Have you trained in Western ballet?
I've had no formal training in ballet, but I observed all the rehearsals keenly when I accompanied my mother. I used to come home and try out movements. Maybe a few classes in contemporary dancing with some friends but I have never done classical ballet. The only contemporary dance I've done is with Pina Bausch. That's free movement, but the same time, there's a strong classical base. I've never had any Western classical dance training. With the Pina Bausch Company, I used to take classes with them to get the feel of the movements. Pina Bausch knows my mother and me for a long time. She saw me dance in a theatre in Germany. She said it would be nice if I could dance with her Company and it materialized one day. I was so thrilled.
You have worked with Peter Brook in 'Tempest' (as Miranda) and lately as Ophelia in 'Hamlet'. How different has theatre experience been in comparison to your dance experience?
My mother had worked with him earlier in 'Mahabharata'. In fact, my brother rehearsed for a whole year as the little boy who asks the questions but he did not actually perform on stage. Brook's assistant had seen me around and remembered me and I was thus invited to take part in the Tempest. I was 14 then, so I hadn't a clue. 'Tempest' was in French, 'Hamlet' in English.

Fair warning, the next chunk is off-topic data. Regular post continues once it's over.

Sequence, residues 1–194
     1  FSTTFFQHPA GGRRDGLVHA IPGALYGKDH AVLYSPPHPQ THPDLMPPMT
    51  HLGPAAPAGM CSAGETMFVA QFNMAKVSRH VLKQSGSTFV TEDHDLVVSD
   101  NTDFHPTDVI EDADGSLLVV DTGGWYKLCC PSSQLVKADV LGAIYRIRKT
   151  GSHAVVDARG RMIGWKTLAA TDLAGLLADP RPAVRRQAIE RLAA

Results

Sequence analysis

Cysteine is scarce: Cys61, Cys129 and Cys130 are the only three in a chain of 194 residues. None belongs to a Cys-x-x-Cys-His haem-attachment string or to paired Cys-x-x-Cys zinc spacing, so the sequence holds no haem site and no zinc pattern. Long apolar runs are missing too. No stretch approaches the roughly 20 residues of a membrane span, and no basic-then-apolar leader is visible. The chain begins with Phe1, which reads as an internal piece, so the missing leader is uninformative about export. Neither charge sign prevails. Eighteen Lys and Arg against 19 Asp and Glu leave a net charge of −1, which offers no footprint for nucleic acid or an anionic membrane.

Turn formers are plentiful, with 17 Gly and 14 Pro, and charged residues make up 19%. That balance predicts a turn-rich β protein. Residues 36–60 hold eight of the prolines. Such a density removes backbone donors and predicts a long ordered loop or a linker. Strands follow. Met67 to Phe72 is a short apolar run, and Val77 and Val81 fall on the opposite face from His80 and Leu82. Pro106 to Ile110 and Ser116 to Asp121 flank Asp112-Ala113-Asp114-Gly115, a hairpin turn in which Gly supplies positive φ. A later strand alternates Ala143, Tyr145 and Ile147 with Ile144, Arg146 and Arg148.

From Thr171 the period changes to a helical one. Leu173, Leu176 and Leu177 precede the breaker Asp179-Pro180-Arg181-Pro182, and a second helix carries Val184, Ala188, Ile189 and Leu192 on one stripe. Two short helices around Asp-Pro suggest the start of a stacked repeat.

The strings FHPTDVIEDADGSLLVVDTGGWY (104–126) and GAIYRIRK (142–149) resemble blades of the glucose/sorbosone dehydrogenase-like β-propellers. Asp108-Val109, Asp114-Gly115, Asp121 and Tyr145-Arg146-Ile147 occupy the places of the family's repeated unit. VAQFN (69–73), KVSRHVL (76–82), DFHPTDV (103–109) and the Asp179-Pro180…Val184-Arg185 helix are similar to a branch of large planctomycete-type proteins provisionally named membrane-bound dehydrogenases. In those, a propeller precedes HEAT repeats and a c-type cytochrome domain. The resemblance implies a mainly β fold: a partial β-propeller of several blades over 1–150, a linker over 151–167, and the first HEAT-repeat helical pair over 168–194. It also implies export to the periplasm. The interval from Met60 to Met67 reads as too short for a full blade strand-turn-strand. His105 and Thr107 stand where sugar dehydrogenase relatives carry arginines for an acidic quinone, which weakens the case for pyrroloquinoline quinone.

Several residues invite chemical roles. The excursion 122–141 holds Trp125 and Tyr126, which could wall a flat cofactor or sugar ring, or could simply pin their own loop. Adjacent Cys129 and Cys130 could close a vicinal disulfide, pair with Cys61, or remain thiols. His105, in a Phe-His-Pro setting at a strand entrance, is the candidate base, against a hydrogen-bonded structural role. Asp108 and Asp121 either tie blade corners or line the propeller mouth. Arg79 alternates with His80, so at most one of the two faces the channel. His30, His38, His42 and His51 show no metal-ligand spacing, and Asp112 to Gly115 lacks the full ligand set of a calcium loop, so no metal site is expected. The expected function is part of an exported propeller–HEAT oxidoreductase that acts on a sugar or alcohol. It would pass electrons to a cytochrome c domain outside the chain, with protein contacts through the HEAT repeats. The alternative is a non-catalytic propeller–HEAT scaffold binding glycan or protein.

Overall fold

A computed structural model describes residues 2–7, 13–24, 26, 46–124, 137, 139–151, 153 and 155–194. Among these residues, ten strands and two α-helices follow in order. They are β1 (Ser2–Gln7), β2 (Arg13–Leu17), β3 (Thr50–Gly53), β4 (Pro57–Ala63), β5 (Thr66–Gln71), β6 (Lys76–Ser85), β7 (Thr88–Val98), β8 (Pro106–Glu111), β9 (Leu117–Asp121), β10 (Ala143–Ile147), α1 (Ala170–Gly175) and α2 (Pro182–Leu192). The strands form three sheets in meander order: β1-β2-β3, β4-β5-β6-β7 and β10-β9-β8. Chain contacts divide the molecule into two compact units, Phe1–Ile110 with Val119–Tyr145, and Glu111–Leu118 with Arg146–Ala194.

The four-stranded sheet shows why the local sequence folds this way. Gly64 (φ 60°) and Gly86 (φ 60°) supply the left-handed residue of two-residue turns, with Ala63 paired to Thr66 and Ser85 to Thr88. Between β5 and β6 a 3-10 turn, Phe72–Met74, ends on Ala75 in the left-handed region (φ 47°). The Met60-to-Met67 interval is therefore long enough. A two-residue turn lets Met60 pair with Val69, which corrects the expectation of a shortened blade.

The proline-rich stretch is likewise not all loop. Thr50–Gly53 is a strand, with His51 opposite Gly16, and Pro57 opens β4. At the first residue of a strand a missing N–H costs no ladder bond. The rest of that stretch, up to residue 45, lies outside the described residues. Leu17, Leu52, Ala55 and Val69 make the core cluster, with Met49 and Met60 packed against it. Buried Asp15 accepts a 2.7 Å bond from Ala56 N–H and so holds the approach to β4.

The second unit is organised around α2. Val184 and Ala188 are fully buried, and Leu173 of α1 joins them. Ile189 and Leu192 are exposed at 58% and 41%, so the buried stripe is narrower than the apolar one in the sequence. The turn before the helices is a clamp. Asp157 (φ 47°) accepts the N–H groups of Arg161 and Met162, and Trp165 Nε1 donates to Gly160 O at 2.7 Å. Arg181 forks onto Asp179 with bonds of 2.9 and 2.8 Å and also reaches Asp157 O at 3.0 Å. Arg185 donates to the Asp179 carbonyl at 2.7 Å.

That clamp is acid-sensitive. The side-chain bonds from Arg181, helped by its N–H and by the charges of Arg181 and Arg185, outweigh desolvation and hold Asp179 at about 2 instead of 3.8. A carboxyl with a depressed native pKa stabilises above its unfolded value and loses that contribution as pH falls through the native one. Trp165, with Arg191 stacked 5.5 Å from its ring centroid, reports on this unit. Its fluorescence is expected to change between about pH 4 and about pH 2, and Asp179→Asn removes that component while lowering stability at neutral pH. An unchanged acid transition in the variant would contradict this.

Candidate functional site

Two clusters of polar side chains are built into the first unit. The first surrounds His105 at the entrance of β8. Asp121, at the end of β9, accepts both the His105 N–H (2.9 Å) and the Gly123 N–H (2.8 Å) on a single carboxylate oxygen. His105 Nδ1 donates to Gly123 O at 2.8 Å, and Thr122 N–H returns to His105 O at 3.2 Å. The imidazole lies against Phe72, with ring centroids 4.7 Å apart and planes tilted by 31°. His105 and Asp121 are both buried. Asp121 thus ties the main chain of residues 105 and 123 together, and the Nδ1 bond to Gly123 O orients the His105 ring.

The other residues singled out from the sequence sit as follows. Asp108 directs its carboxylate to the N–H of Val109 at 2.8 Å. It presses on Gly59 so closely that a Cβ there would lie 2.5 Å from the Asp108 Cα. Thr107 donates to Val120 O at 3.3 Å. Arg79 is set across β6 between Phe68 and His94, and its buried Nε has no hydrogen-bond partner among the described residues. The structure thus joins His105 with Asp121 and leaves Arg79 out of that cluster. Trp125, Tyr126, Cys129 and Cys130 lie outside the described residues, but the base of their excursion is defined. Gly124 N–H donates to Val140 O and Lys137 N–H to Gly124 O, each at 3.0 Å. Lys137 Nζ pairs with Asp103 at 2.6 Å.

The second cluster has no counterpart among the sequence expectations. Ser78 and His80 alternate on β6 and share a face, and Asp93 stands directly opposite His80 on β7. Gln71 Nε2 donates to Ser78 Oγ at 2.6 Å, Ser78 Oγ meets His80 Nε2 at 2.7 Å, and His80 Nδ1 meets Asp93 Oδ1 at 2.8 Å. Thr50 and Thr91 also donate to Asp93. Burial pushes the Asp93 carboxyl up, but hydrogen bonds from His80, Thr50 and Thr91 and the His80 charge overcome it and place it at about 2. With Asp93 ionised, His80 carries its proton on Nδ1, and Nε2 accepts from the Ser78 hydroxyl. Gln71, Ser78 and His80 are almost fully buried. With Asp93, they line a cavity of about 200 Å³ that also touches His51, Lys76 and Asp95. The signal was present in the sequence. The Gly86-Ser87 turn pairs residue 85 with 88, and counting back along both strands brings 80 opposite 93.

Peter Brook's way of working is very physical. That is, when we rehearse, we spend the first 2 hours doing things that have nothing to do with the play like movement, singing, drumming and so on.
It was a very different experience in the sense that in dance, I knew the medium, but I had no clue here. I had no training as an actress. Dance training gives stage presence, body language, and alertness, how you move can convey so much. Ophelia's role was more difficult than Miranda, which was more like what I was at that age - young and innocent.
Discovering words, the power of words, the play of words, the reaction to each other's words was added to the body movements. The suggestions he gave had a great affinity to dancing. For Ophelia, when she's mad, the emotions move from one to another, the one basic emotion of 'sthayibhava' had to stay and link one expression to the other. I would say, the inner process, the inner link, the concentration is the same. It was surprising to find that out. I learnt a lot from other actors. Peter is clear and to the point and that's one of his greatest assets. He's so intelligent; he's able to translate what he wants perfectly into words. It makes so much sense.
It must have been fun working with the horses in 'Chimere', and so very different.
The equestrian company Zingaro did an Indian show in 1994 that was a big hit. The Rajasthani musicians were so good, the whole audience was mesmerized. 'Chimere' is a mythological creature, also something that can't be touched. The production had Indian colors, costumes and music, but western artistes and acrobats. The horses were the central characters.
In one scene, I dance and a male dancer does a few movements seated on the horse. In yet another scene, I dance and beckon to the horse who comes onto the stage and so on. A very different production. The horses were very clever and well trained. They knew well the difference between rehearsal and the actual program. In rehearsals, they did everything perfectly and the opposite on stage in the actual performance. They knew we could tell them off during rehearsals but not during a stage show!!
You perform Kuchipudi, modern dance and act in theatre productions as well. How do you transform yourself according to the medium?